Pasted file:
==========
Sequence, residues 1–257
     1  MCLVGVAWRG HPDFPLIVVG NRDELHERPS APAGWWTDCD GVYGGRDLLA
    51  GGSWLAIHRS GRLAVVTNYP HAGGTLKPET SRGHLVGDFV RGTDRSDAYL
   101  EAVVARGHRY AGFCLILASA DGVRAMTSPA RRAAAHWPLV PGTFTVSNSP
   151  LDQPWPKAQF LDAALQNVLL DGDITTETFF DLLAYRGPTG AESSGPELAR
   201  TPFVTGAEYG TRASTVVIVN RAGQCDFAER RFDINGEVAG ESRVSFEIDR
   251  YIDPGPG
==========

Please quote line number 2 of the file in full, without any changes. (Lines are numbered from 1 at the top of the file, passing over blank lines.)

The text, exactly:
     1  MCLVGVAWRG HPDFPLIVVG NRDELHERPS APAGWWTDCD GVYGGRDLLA